When I was a kid, I always loved to visit with my Uncle Chucky.
You see, even though Uncle Chucky was my dad's baby brother, he was definitely the coolest of all the uncles. He was one of the first people I knew to have a gigantic boom box in the eighties, and he listened to the kind of music that I liked too which was a major bonus. In fact, when Kool and the Gang would belt out "Celebration", you could usually find Uncle Chucky doing his famous half strut/ half dance move and encouraging the rest of us to join in with him.
In short, Uncle Chucky was an enormous kid . . .an enormous kid with a giant heart.
I remember when my grandfather, Cap, died, I was just shy of my 12th birthday. It was Halloween time, and all of the adults were mourning the loss of their dad. And even though Chucky had just lost his dad, he would have no part of me or my cousin's missing Halloween or my birthday. We pieced together costumes from our cousin's house and we assembled in my grandparents' front living room.
"Everyone ready?" Chucky asked.
We all nodded eagerly, and then Chucky looked pointedly at me.
"Annie, WHAT is that?"
Not knowing what he could be talking about, I answered with a blank stare and a shrug of my shoulders. He walked over to me with purpose and grabbed the plastic grocery bag I was planning to use to collect candy.
"This! What's this? THIS will never do!" Chucky explained, and then he was off. He ran up my grandmother's stairs two at a time, and when he returned he carried pillows from her bed. He stripped those pillows of their cases and handed them out to me and to the other pillow-case-less cousins.
"NOW we are ready!" he declared when he finished, and then he led us through my first experience with sprinting during trick-or-treating.
That night I came home completely out of breath and exhausted, but I had an enviable mound of candy in my pillowcase that was probably almost as tall as I was, and I had a memory of my 12th birthday that is still etched on my heart. . . all because of Chucky.
Of course, Chucky was always up for a good time, and he loved a good game of cards. He especially loved to hold all of his cards until he was just about to go out. And when he did go out on you, he inevitably left you holding a fist full of face cards. It was exasperating. I swear, the man was part "Rainman" in his ability to count cards. And the worst part? He would sit there smiling that sly smile of his while his eyes would dare you to try him again. It was a challenge that I fell for many a time.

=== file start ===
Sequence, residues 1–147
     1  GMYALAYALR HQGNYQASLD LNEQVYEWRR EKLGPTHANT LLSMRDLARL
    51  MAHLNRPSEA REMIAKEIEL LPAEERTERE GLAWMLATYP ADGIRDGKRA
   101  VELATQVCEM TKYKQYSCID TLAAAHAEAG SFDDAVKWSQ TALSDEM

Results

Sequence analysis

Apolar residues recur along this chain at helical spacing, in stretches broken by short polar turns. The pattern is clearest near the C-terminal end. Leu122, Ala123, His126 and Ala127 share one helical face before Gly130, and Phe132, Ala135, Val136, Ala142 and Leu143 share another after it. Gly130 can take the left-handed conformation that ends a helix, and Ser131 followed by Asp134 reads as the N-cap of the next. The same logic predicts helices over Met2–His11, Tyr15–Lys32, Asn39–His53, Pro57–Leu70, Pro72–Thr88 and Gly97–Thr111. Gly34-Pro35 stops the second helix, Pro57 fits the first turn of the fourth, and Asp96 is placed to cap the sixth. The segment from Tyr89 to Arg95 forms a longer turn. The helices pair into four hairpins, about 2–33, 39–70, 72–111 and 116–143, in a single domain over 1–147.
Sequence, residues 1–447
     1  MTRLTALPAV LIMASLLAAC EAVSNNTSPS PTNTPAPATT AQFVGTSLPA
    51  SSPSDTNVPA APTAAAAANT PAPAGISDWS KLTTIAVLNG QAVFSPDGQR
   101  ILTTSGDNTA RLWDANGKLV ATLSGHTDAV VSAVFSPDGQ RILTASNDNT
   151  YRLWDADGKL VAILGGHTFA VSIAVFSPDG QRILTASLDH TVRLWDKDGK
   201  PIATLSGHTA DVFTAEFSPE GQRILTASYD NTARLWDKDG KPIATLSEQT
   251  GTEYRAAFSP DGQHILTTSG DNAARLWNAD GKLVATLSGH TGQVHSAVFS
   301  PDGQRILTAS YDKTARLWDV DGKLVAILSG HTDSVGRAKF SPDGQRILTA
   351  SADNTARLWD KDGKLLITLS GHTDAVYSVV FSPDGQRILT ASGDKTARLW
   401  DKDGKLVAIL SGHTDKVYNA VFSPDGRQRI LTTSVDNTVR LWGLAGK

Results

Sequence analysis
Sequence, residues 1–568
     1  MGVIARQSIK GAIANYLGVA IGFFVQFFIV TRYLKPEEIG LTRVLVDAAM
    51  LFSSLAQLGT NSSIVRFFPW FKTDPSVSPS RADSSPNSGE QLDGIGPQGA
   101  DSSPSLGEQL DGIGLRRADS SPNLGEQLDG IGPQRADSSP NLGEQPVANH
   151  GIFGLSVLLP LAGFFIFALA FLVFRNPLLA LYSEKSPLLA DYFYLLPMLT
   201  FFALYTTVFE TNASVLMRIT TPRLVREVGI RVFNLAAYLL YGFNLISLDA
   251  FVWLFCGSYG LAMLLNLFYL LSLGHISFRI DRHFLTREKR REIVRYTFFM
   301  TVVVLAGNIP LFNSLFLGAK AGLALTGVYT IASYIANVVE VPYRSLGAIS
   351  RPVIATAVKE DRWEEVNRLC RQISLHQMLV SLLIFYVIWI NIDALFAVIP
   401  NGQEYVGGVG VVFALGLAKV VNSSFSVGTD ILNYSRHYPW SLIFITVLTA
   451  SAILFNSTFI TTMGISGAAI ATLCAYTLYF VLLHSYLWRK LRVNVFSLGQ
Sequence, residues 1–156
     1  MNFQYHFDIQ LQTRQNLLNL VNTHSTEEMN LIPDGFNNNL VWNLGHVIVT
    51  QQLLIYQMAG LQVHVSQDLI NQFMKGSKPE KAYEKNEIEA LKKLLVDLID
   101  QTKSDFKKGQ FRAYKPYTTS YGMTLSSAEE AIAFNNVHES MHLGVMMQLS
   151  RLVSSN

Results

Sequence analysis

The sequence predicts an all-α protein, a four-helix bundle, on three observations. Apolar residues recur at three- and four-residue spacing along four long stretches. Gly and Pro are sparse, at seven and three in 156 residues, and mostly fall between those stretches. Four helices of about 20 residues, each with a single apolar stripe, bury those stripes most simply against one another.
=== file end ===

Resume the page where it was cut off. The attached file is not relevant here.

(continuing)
One Memorial Day Chucky loaded all of the kids into his car to take us to a parade. Even though we were quite scrunched in the back seat and there was no air conditioning, even though our legs stuck to the leather of his seats, and even though his car over-heated on the highway on the way home, it didn't matter to us. Uncle Chucky spoiled us that day. He cranked the music loud in the car, he bought us every imaginable piece of junk food that the parade vendors hocked, and he took turns putting each of us on his shoulders so that we could see the parade better. It was a great day.
And there were many great days. I will always remember when Chuck sang and danced to Right Said Fred's "I'm Too Sexy" during our Mardi Gras family reunion. I will remember his visits to my Florida childhood home and especially his stories about the not one, but two tickets he received on his drive down there. I will remember his hearty laugh that bent him over at the waist when something tickled him, and I will remember the way that he liked his tea, "just so", with milk and sugar. I will always remember Uncle Chuck the eternal kid splashing with my kids in the pool, just like he had splashed me oh so many years ago.
My, Uncle Chucky . . . he was one of kind.
And there is a hole in my heart today as I learned of his death.
But I am going to make myself a cup of his tea,
and crank up the music loudly,
and play rummy with my kids. . .
All in the hopes that Uncle Chucky is out there smiling.
Love to all of my family.~Annie